|How do animals camouflage?
|Question Date: 2009-02-21|
Your question about camouflage is very
interesting. You probably know that the whole
point of camouflage is to blend in with the
environment - to avoid being seen. This is good
if the animal is "prey" - the predator never sees
the prey. But it also works for predators - they
can hang out or sneak up on prey without being
So how do animals achieve camouflage? There
are two basic ways to think about this - first,
the animal has particular markings or colors that
allow it to blend in with its most "typical"
environment (leopard spots to mimic the "dappled
shadows" of the forest or a bird that has feather
colors and patterns that blend with tall grass or
tree bark, for example). These types of
camouflage have evolved over time and are most
common in mammals and birds. Even aquatic animals
(fish, cetaceans, penguins) use a type of
coloration that makes them difficult to be seen -
darker on top and lighter underneath. The second
way that animals achieve camouflage is a more
active way - by literally changing the color or
pattern of their skin to mimic their
surroundings. This happens with animals like
chameleons or cephalopods (quids, octopi). How do
actually do this is an area of intense study.
Special cells in the skin act as "detectors" and
these cells "respond" by adjusting the amount and
types of pigments - which in turn results in a
color or pattern change. Scientists are not
exactly sure how this works, but there is a lot of
interest in figuring it out.
That's a great question. I was just
talking to my college students about this. One
way animals camouflage themselves is by matching
their background. Insects are really good at this
because their exoskeletons ("shells") can have so
many different colors and patterns. Some squids
and octopi are great at changing their color and
behavior to match their background.
way is by having patterns on their bodies that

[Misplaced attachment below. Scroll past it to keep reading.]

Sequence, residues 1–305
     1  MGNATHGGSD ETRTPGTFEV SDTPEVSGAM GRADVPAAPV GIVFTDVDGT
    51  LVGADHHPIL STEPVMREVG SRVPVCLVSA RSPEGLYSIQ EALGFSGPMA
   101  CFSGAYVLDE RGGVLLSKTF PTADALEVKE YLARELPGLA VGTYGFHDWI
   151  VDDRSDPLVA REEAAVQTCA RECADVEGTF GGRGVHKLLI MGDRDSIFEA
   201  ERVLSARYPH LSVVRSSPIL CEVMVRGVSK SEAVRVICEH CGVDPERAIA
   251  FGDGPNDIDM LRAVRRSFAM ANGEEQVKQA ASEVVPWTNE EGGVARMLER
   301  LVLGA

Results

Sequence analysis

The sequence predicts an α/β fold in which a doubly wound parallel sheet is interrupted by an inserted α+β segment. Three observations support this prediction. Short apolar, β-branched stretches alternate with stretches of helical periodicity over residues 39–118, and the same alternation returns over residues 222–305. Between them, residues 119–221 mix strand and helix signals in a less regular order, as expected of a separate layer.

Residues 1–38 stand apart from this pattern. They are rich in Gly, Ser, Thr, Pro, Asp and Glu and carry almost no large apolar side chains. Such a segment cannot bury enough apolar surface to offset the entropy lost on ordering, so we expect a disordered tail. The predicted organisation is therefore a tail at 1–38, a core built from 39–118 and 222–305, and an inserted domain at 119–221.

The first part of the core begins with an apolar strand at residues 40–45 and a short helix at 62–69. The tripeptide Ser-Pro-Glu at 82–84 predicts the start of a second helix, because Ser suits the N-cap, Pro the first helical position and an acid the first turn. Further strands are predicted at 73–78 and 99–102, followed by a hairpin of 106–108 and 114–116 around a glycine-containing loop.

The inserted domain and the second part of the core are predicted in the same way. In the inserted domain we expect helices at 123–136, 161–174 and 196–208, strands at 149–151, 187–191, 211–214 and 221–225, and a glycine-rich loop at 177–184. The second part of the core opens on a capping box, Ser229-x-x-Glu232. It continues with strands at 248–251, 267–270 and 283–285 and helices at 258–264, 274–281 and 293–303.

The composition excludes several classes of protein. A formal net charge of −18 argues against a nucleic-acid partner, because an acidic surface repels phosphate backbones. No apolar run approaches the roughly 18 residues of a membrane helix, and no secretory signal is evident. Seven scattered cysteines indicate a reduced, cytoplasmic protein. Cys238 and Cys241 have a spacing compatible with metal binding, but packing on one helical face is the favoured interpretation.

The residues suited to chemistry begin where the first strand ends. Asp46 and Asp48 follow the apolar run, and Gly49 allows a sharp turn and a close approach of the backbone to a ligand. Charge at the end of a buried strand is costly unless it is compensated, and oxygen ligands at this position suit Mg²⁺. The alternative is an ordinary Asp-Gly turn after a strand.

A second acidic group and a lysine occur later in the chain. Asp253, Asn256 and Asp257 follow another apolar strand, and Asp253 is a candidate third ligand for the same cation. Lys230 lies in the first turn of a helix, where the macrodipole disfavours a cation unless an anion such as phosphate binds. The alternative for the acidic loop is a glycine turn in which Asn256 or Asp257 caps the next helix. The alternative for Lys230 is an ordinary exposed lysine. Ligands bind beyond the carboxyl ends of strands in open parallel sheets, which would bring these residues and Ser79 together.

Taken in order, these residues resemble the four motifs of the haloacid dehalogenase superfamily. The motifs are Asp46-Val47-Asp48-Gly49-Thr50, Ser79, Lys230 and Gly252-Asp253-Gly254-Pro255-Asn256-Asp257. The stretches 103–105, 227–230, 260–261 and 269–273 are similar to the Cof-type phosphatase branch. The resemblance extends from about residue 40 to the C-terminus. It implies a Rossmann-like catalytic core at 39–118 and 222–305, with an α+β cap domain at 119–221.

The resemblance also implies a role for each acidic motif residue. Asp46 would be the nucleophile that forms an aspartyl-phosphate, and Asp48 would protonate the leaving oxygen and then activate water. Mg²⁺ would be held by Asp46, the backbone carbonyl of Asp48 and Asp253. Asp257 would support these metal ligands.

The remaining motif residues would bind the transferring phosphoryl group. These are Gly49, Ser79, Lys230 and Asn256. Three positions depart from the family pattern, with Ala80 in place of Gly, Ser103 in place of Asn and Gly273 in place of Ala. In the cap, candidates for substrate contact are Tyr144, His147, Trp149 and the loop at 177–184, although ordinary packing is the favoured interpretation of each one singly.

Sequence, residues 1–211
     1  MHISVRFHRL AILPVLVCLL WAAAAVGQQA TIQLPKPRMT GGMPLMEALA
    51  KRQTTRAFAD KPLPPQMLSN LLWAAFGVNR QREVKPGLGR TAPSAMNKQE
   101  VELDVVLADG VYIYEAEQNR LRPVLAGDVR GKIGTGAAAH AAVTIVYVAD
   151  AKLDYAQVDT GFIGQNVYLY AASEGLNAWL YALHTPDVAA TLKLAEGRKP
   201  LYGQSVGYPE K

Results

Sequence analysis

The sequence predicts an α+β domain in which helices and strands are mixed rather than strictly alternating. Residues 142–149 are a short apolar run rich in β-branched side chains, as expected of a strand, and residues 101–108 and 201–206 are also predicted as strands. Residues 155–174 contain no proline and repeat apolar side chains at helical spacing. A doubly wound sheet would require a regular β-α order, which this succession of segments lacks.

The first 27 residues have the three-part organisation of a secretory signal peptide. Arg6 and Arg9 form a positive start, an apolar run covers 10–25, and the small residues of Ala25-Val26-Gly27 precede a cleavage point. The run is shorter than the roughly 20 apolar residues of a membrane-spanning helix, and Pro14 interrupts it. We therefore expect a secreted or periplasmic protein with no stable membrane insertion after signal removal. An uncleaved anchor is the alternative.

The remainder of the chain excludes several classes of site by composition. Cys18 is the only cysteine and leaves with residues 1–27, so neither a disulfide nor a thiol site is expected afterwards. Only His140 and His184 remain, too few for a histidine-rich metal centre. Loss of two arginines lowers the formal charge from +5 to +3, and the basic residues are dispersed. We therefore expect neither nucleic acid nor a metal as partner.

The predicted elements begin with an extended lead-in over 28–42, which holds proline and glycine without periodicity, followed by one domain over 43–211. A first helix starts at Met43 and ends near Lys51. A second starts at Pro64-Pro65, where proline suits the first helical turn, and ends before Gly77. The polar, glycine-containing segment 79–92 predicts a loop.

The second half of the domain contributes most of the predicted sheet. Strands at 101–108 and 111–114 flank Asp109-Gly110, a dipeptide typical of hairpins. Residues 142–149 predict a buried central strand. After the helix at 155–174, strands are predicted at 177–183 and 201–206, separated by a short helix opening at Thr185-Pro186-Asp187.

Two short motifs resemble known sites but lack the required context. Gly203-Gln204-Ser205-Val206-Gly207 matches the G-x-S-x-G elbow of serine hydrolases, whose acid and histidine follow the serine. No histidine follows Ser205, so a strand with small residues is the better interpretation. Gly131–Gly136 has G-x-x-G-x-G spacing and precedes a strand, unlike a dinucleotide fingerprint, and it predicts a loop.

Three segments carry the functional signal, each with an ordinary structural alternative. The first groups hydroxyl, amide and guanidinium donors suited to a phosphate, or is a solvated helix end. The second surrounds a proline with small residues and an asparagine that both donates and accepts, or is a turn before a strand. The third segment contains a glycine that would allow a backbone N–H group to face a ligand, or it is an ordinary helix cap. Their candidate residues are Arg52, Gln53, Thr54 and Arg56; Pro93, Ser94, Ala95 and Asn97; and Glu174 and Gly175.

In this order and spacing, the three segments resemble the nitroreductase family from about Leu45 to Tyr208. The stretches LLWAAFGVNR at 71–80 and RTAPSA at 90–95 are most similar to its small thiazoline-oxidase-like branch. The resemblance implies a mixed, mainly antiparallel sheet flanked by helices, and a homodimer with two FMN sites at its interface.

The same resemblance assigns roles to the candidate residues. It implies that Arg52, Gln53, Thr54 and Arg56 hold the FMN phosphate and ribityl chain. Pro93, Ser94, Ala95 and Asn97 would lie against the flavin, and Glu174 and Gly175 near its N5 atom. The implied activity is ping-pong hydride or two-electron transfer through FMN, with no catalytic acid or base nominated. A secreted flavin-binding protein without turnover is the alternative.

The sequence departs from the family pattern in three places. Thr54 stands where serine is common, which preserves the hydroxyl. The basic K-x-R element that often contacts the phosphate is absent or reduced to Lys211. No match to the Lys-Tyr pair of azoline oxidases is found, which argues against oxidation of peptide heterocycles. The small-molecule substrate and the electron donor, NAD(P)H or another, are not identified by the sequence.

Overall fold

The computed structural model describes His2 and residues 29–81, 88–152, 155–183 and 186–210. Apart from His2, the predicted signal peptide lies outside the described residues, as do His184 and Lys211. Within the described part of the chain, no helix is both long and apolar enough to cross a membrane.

break up their outline. This works like the
camouflage that hunters and soldiers wear.A
solid-colored object is easy to see because the
background is usually a pattern of light and dark.
An animal with patterns of light and dark blends
in better. You can demonstrate this to yourself
and your friends by coloring some objects a solid
color and some a pattern of light and dark
blotches, then and seeing which are easier to
There are some great photos on
animals pretend to be something they're not. Some
caterpillars pretend to be bird
do you think behavior helps animals camouflage
themselves? Why do you think that some animals
are brightly colored? Think of some animals that
you recognize immediately because of their bold
color or pattern(not just because they're
familiar). What do they have in common?
Animals with natural camouflage colors
inherited their colors from their parents, or
occasionally with new colors from genetic
mutations. New colors can be good or bad.
Animals which are born with bad camouflage colors
are easy to spot, so they don't tend to live long.
For example, a white deer would be easier for a
cougar to find and eat. On the other hand, a
white cougar would be easier for a deer to avoid,
so the cougar would starve. Animals that are born
with better camouflage coloring can survive and
pass their coloring to their
Other animals build or find
camouflage. For example, decorator crabs attach
twigs and rocks to their shells. That way they
look like their surroundings.
Animal bodies have colors, patterns, or
textures that mimic the background that they are
up against. As a consequence, they don't "stand
out" when you look at them.
There are many ways animals camouflage
themselves. An animal's color, shape, or skin
texture can help them blend in with their
environment. For example, there are insects that
look like leaves or twigs or tree bark, fish that
have the same color patterns as the particular
type of coral they hide in, and birds that blend
in with the rocks where they roost. Other animals
can actually change their appearance according to
their environment. The arctic fox for example has
a dark colored coat in the spring and summer
months when there are green plants and dark soil
every where. But then in the winter when snow is
covering everything, the fox's coat turns all
white. The behavior of some animals also helps
them to blend in. For instance, green chameleons
that live in trees tend to sway back and forth
when sitting on a branch - this makes them appear
as if they were just a leaf blowing in the breeze.
As you probably know, there are still other
animals that can actually change the color or
texture of their skin depending on what their
environment looks like. The octopus and cuttlefish
are great examples of this. They have special
cells in their bodies that allow them to rearrange
pigment molecules (colored molecules) in order to
change the color patterns in their skin. Some of
them can also make their skin either smooth or
If you are interested, I found a
good website that gives your more information on
animal camouflage and has some pictures and videos
you can look through. Here is the website:
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